Friday, November 11, 2011

Post #66 - Just War Doctrine

First Afghan War, 1842

In Special Report 98: Would an Invasion of Iraq Be a “Just War?,” published in January 2003 by the United States Institute of Peace*, the director of the Religion and Peacemaking Initiative, David Smock, offered the following summary of the basic principles of Christian “just war” doctrine:

Jus ad bellum (“justice on the way to war”)

  • Legitimate Authority: Requiring that only legitimate officials may decide to resort to force is one way to protect against arbitrariness.
  • Just Cause: The three standard acceptable causes are self-defense, recovery of stolen assets and punishment for wrong-doing.
  • Peaceful Intention: The intention is to use force to achieve peace, using force to restrain and minimize force.
  • Last Resort: Before turning to war, all reasonable approaches to a peaceful resolution need to be employed.
  • Reasonable Hope of Success: In going to war, there must exist the reasonable expectation of successfully obtaining peace and reconciliation between the warring parties.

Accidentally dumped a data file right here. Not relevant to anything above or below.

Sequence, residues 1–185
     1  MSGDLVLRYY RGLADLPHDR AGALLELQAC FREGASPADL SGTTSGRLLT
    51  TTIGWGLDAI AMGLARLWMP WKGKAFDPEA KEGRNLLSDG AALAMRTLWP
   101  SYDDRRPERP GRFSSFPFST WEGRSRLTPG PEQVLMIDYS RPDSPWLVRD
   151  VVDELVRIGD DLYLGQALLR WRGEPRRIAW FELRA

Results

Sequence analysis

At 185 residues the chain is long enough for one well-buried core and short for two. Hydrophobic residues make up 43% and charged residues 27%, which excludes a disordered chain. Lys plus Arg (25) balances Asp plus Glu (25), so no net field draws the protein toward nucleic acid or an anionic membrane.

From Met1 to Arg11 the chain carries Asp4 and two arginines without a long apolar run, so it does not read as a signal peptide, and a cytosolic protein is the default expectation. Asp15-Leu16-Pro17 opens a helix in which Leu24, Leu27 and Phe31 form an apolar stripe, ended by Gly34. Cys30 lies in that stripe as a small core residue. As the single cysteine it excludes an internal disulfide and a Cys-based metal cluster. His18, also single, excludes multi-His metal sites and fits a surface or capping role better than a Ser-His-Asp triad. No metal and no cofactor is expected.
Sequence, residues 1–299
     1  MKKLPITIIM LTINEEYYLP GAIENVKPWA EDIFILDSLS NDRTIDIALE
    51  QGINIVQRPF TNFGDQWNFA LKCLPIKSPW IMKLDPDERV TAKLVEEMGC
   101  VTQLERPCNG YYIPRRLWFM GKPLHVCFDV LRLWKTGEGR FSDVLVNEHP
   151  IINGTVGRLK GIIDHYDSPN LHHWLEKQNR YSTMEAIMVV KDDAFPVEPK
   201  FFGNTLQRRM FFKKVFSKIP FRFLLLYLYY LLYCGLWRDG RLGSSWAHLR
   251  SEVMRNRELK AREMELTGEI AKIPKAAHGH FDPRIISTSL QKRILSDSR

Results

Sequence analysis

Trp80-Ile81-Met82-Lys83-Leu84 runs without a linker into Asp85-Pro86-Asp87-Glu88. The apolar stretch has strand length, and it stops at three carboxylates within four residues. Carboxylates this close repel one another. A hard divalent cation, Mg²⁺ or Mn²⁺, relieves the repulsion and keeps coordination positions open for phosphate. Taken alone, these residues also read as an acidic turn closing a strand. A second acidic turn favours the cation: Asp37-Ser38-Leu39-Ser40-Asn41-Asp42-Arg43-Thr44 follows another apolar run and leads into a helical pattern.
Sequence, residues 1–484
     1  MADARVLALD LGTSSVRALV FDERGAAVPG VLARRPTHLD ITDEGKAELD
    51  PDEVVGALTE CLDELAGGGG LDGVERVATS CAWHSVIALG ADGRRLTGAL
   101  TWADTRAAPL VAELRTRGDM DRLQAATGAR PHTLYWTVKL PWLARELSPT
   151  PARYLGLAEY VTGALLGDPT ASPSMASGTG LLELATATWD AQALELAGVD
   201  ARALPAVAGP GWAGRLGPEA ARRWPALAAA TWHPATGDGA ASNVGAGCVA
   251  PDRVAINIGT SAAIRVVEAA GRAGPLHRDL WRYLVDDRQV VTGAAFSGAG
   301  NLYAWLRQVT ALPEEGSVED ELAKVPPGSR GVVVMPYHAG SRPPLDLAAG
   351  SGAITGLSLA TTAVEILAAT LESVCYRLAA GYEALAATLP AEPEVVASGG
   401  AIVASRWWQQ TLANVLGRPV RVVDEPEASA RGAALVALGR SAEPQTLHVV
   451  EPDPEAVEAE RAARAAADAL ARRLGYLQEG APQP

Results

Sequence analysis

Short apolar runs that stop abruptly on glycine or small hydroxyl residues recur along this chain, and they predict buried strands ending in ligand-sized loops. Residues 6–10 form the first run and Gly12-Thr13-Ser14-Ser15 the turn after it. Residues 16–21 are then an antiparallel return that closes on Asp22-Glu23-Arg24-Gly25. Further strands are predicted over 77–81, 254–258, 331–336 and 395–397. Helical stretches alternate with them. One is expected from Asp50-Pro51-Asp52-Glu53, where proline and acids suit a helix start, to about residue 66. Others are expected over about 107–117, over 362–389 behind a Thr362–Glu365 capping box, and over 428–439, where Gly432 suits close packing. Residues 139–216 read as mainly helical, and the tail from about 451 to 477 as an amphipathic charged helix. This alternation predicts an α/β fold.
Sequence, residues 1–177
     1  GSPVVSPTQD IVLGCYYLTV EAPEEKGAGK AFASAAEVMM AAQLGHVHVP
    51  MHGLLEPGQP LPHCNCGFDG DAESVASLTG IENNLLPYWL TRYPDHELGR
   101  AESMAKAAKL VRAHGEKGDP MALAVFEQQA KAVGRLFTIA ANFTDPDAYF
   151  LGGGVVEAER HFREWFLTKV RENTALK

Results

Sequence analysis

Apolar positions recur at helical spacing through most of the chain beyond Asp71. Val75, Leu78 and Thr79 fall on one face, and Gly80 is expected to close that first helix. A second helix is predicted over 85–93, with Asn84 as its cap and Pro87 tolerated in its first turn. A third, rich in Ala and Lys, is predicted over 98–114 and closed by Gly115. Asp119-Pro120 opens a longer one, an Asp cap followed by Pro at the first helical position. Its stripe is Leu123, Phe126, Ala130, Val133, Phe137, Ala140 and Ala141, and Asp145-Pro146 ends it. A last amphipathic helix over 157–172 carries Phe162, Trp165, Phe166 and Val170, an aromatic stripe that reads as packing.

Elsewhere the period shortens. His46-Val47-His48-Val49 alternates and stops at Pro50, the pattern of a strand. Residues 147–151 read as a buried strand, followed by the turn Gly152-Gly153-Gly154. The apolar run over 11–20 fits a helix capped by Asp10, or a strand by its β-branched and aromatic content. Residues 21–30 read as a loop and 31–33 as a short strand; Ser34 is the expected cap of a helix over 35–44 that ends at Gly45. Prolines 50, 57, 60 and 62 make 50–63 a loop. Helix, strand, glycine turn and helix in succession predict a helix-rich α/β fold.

Jus in bello (“justice in the midst of war”)

  • Proportionality: The suffering and devastation of war must not outweigh whatever benefits may result from war.
  • Discrimination or Noncombatant Immunity: The means of warfare must discriminate between combatants and noncombatants.

*The United States Institute of Peace is an independent, nonpartisan federal institution created by Congress to promote the prevention, management, and peaceful resolution of international conflicts; it was established in 1984. The Institute’s Board of Directors is appointed by the President of the United States and confirmed by the Senate.

[Note: A recent addition to just-war theory, promulgated by Franciscan Naval Chaplain Louis Iasiello, newly-named head of the Washington Theological Seminary, has drawn some attention. Father Lou talks not only about the justice of war and justice in war, (jus ad bellum and jus in bello) but also the justice after a war (jus post bellum).]

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